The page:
These are for more casual days at the office. The dress probably won’t get made until the spring. It’s by no means a “winter dress” and it’s a bit beyond my capabilities at the moment (maybe?), but it would look cute in the fall with a pair of tights and boots, so if winter can hold off a bit, maybe I’ll be able to get to it. I just wanted to include a “fun & flirty” dress option.
Some days I need to look a little more formal at work (but it’s still a pretty casual workplace). The illustration for the Mesa dress doesn’t really do it justice. It appears much more fitted in the photos on seamwork.com. The sleeves in the photos are also half-sleeves rather than what appear here as short sleeves, which I think adds more sophistication to the dress. I think Mesa will be a great project for my new serger!

I’ll save the fabric plans I have for another post, but I should note that the palette (which I’m sure by true fashion standards has too many colors or too many variations of the same color or whatever) is really just a guide. I’m not going to be holding up Pantone cards to my fabric to make sure they fit within the palette, but I chose them because these colors are variations on not only what’s supposedly “in” this year but they’re also coincidentally the exact colors I’ve always worn. What can I say, I look great jewel tones.

And yes, I also have plans for “work from home” clothes. I will most likely start there, actually. The pandemic really is the perfect time for me to start this SSW journey (that sounds SO wrong, but I hope you know it’s NOT at all to say that I have gratitude for the pandemic). During this period of “almost never leaving the house,” I can start with my “around the house” clothes and think of those like wearable muslins or practice pieces to build my skills so I can be ready for things that real people might actually see.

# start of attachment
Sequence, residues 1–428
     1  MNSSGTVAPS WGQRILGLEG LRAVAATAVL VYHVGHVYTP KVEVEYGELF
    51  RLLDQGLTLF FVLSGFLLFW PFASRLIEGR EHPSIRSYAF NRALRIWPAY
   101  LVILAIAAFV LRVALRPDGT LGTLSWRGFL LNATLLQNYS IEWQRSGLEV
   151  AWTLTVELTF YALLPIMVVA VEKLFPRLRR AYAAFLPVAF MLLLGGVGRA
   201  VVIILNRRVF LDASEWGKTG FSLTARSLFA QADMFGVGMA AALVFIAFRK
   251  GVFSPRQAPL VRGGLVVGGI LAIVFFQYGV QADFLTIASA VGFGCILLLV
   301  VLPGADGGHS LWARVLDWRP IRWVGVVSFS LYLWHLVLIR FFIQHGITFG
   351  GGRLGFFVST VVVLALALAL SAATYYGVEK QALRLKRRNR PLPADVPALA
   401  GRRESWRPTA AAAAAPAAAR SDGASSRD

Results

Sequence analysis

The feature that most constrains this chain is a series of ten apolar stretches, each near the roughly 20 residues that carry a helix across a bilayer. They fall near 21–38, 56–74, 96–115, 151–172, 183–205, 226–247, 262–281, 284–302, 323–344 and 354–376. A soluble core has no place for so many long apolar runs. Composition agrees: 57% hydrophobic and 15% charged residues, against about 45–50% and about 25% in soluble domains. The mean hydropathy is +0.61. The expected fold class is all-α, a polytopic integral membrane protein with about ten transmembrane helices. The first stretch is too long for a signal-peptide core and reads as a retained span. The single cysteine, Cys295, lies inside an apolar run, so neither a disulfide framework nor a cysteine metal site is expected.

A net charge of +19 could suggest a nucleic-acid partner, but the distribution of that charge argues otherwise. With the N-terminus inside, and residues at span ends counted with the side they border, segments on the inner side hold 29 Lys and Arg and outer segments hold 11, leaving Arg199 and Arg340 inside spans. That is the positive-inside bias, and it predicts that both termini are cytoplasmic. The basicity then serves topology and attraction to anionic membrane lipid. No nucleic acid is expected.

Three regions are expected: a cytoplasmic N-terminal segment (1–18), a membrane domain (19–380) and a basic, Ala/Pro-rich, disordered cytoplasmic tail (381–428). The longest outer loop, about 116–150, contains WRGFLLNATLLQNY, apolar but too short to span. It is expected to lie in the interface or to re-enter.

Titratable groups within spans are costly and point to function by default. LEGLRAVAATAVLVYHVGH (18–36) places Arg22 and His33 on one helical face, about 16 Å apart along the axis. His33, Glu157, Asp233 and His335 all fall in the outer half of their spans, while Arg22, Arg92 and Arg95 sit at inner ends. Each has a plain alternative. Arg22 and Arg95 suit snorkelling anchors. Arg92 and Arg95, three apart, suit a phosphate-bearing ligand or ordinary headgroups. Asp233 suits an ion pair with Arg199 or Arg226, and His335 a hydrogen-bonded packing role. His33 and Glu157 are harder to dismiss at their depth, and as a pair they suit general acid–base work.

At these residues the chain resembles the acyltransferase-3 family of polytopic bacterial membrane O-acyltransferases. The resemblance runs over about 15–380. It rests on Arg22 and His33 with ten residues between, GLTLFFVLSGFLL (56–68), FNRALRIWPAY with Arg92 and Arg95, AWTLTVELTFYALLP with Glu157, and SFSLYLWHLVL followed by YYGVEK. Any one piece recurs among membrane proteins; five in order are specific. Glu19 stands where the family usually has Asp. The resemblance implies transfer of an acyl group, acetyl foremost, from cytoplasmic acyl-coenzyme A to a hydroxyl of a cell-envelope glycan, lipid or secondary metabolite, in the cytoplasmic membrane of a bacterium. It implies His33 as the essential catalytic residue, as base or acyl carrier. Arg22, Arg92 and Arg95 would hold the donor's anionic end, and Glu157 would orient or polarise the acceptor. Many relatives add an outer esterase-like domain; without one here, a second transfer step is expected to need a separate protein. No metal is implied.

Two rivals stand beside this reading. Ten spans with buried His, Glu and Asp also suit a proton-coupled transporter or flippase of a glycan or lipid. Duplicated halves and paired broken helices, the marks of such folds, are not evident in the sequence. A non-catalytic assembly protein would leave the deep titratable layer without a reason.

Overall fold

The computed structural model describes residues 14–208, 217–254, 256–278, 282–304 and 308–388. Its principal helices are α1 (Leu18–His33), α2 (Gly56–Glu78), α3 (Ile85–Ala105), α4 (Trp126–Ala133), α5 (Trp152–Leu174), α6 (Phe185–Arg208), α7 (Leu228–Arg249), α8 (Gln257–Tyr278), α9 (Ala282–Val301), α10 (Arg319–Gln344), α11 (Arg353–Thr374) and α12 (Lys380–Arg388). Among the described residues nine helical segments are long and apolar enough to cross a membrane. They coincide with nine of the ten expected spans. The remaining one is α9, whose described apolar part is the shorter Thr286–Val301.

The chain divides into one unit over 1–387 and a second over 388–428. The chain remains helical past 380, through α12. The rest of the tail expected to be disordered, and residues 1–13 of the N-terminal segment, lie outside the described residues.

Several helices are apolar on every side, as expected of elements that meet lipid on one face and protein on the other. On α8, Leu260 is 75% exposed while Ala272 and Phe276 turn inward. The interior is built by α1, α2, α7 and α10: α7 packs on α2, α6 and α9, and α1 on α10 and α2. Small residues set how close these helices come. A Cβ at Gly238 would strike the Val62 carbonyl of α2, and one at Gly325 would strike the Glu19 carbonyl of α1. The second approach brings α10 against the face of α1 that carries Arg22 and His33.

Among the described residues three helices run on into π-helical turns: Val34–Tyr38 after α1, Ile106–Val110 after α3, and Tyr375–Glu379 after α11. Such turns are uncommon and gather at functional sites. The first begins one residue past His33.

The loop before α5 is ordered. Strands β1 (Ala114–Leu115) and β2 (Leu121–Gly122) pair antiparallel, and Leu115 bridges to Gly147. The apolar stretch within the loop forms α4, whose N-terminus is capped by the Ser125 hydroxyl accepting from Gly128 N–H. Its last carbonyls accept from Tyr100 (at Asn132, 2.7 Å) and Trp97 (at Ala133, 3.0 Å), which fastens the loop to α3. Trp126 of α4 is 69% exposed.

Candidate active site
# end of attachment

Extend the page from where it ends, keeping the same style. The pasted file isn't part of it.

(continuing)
I’m by no means skilled enough for that Evans Blazer, but we LOVE a semi-casual blazer. Blazers and cardigans are honestly my “comfort clothes.” I truly never have one layer of clothing on the top. Even in the summer unless it’s really sweltering. It’s definitely a busty-gal-body-image-thing, but I also think layering makes a person look more put together. Because I wear blazers so much, I WILL create an Evans Blazer before the year is done. That is my main goal for 2020. Make an Evans Blazer.

In the meantime, Seamwork has a pattern called “Wembley” that I think will be a good stand-in.

Another note: I also have alternatives for the brunch blouse (although pattern itself has a few different views that I want to take advantage of, too), just so I don’t get bored of it. As much as I do love the way that blouse fits me, I know it will get old making it over and over. Hey June Handmade has a blouse called Lucerne, that is similar but has some fun sleeve details and neckline variations.

Sometimes I worry I sound a bit manic… or that maybe I am. So far I’m not overspending beyond my means, or renting storage to house my fabric, so I think I’m within a healthy range of “feverishly creative” and “going to extremes with my hobbies as a healthy distraction from a global crisis.” Something tells me (both) readers of this blog can relate to these types of feelings.

Okay, I better stop rambling and start sewing! I still have some masks to make (fortunately, orders have slowed down a lot), and I want to add some Halloween and “vote” masks to the shop soon (all new listings are going to be ready-to-wear. I’m scaling back on made-to-order items – I have a self-sewn wardrobe to work on!), AND I’m procrastinating a bias bound neckline on a recent Brunch Blouse because they are always such a pain in my butt. Oh yeah, AND I have a full-time job, where I’m short-staffed and everything is an urgent crisis that for some reason needs MY input. C’est la vie!

Below are links to the patterns in the above images: